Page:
Waiting For Tom Hanks, Kerry Winfrey

**Review**

Waiting For Tom Hanks, Kerry Winfrey

⭐️⭐️⭐️⭐️

Confession: I LOVE rom-com movies. Like, love them more than Chris Evans. Okay, maybe not that much. (If I’m being honest, Chris Evans is my Tom Hanks.)

Until this year, I didn’t love reading rom-coms. In fact, I swore them off. Then I read one. And then another. And, well, turns out that I do love them.

Waiting For Tom Hanks was a fun read with characters I adored. I loved Annie and Drew but Chloe stoke my heart, and I cannot wait for @kerrywinfrey’s next book because it’s Chloe’s story!

Another thing I loved about Waiting For Tom Hanks? It wasn’t set in NYC. It was set in Columbus, Ohio and in an area I’ve actually spent time in. Earlier in my career, I worked on the  Max & Erma’s marketing team. That restaurant started in German Village, where this book takes place. I love being able to connect to a book’s setting.

If you love a solid rom-com with lovable characters and Midwestern settings, you’ll enjoy this one. 

If Only I Could Tell You, Hannah Beckerman

**Review**

If Only I Could Tell You, Hannah Beckerman

⭐️⭐️⭐️⭐️

Beautiful. Tragic. Beautiful. What an emotionally draining read. It was also impossible to put it down, and I read it in under 4 hours.

The prose was absolutely beautiful. Figurative language that will gut you.

Audrey, Jess and Lily have survived the unthinkable. But, it takes them 28 years to come out on the other side.

I’m such a sucker for tear jerkers. As a mom and as a daughter who lost a parent to cancer, this story reduced me to tears more than once.

A Writer is a Writer

I write, therefore I am a writer.

Can we talk about imposter syndrome for a minute? I struggle with this in nearly ever facet of my life. As a mother. As a wife. As a marketer. As a writer.

Somewhere along the way I decided that I wanted to be a writer. It didn’t matter that I wrote nearly every day. Now that I’ve completed eight manuscripts and birthed three into the self-publishing world, I still say “I want to be a writer.”

I am a writer. I put words on paper. I form sentences. I create stories. Sure it doesn’t pay the bills, nor is it my full-time job. How does that make me any less of a writer? Is it money that solidifies the definition? Awards? Recognition? An agent? Five-star reviews?

Being a writer is more than that. While, yes, I would love to have every single one of those things listed above, they are not what define a writer.

By definition, a writer is a person who uses written words in various styles and techniques to communicate their ideas.

This is what I do. I am a writer. A writer is a writer no matter what your imposter syndrome or the keyboard warriors have to say.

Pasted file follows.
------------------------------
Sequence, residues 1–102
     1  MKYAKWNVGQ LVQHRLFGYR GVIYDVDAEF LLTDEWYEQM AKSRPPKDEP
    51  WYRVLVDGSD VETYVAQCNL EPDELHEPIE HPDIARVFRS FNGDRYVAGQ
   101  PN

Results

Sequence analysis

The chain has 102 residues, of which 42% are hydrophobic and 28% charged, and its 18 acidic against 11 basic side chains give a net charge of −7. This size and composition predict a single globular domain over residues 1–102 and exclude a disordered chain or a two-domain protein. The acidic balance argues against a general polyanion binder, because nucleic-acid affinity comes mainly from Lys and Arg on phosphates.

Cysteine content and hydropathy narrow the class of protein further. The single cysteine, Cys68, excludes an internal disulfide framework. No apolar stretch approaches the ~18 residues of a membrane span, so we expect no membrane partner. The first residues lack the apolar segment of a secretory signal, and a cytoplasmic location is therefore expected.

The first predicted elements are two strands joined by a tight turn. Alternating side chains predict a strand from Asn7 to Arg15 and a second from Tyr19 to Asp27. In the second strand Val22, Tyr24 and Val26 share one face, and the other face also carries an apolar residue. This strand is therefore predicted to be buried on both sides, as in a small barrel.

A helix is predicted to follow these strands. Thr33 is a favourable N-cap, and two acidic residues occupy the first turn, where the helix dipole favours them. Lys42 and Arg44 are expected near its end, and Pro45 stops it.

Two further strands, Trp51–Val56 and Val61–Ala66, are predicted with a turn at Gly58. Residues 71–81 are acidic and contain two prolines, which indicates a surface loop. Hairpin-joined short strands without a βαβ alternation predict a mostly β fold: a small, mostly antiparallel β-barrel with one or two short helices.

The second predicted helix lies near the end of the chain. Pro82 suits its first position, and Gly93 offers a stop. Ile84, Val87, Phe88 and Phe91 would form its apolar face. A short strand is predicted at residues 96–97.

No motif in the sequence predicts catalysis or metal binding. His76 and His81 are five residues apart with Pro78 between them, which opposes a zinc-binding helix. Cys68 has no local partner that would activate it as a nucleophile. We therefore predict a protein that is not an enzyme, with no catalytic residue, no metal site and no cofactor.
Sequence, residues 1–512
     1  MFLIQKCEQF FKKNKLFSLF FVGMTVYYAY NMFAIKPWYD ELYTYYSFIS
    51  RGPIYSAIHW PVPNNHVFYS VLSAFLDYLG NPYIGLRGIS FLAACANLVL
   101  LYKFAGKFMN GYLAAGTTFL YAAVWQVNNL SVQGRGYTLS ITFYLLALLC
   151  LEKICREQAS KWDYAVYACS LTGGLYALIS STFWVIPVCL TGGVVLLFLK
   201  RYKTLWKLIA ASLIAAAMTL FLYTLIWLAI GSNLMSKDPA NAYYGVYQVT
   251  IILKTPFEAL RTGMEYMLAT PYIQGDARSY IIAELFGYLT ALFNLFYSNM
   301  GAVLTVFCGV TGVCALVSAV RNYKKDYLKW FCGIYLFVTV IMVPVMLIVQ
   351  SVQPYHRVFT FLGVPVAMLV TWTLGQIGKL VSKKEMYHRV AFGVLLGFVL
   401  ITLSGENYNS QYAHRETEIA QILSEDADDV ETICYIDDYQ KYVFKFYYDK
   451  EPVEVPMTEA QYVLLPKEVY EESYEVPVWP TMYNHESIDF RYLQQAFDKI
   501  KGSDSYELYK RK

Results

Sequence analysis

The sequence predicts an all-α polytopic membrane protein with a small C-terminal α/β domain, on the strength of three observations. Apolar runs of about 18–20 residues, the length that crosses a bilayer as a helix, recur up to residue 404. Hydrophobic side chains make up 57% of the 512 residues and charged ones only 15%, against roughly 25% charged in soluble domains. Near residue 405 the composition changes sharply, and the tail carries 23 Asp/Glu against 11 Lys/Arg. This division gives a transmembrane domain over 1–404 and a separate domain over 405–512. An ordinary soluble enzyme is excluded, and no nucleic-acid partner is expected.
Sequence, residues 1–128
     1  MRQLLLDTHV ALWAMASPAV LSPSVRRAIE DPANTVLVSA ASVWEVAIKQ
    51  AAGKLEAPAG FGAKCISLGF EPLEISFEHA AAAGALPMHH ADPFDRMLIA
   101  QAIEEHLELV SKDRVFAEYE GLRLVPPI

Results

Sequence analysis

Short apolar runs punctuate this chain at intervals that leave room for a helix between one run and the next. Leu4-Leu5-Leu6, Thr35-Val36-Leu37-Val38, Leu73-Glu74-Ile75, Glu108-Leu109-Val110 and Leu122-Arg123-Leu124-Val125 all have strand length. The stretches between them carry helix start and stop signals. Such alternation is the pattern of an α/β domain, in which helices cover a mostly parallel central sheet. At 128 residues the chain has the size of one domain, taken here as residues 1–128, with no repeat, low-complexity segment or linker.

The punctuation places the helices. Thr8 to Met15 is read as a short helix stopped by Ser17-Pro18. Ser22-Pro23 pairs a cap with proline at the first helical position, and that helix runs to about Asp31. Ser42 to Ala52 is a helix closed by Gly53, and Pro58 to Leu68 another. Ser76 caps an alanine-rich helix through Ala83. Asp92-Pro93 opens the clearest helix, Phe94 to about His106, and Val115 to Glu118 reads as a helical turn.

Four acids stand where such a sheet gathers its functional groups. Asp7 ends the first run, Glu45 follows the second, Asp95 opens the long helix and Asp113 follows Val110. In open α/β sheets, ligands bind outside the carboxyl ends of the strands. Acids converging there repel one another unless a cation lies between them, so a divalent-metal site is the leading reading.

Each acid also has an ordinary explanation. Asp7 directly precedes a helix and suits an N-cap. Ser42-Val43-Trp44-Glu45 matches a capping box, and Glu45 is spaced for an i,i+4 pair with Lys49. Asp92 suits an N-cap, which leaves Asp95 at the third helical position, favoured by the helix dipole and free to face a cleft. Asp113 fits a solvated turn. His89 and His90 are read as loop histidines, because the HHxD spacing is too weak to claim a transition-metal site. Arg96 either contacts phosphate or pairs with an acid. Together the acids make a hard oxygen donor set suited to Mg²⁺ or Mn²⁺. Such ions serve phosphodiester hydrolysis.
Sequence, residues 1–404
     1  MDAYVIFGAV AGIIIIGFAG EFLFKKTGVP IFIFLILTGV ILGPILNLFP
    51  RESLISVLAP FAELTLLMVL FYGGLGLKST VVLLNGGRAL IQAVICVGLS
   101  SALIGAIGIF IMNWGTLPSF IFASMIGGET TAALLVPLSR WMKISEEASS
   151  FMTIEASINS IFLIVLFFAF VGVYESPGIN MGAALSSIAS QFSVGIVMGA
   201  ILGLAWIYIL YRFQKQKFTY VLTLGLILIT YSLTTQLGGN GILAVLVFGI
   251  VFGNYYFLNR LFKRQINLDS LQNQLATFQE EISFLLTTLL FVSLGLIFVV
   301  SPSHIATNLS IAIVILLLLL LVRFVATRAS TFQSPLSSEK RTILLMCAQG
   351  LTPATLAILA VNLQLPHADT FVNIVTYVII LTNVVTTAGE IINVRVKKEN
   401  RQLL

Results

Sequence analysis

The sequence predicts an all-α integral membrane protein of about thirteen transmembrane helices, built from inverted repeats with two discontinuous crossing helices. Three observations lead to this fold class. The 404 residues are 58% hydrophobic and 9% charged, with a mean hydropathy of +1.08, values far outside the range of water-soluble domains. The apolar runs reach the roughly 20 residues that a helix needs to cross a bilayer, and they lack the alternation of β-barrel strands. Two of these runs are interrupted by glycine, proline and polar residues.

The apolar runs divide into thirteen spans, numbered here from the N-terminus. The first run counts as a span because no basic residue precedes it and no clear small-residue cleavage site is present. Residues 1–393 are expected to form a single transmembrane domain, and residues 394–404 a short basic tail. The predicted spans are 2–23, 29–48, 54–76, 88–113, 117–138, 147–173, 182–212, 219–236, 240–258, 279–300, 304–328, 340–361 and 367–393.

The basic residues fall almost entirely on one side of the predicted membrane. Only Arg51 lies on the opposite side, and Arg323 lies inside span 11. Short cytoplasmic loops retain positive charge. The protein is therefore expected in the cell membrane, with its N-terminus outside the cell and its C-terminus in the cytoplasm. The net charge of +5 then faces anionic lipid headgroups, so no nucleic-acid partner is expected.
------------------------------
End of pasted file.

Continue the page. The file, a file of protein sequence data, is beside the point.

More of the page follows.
Your words matter.
Your writing maters.
You matter.
You’re a writer.

You can what-of or but your way into any excuse as to why this isn’t true, but it is true. You are a writer. I am a writer.

Love on Lexington Avenue, Lauren Layne

Thank you to the publisher for the gifted copy in exchange for an honest review.

**Review**

Love on Lexington Avenue, Lauren Layne

⭐️⭐️⭐️(Out 9/17/19)

Love on Lexington Avenue is a solid romcom read. It follows all the tropes we love. They hate each other. They like each other.

But the one trope I wish we could all put behind us is the one where the woman constantly sells herself short and believes she isn’t worthy of the man she’s admiring. We spend pages upon pages on her listing every reason why she’s not the one for him.

Claire is broken. Her now dead ex-husband was a cheater and a liar, but his adulterous ways led her to her new BFFs (who are highly entertaining and lovable). I do wish we got to see more of Claire’s growth on her own. 

The Tattooist of Auschwitz, Heather Morris

**Review**
The Tattooist of Auschwitz, Heather Morris
⭐️⭐️⭐️⭐️
The one good thing about reading a lot of WWII historical fiction is I’m always prepared for an emotional and tragic journey. Because Lale and Gita are real people who lived to tell their story, I was able to read The Tattooist Of Auschwitz knowing that there would be at least one small happy ending.

That said, this book was emotionally challenging. The personal view of life in a concentration camp puts you right in the middle of the horrors and abuses. I’ll never understand the sadistic evil and pure hatred some feel towards others, but it is stories like the ones that belong to Lale and Gita that remind me that love wins.

The Reckless Oath We Made, Bryn Greenwood

**Review**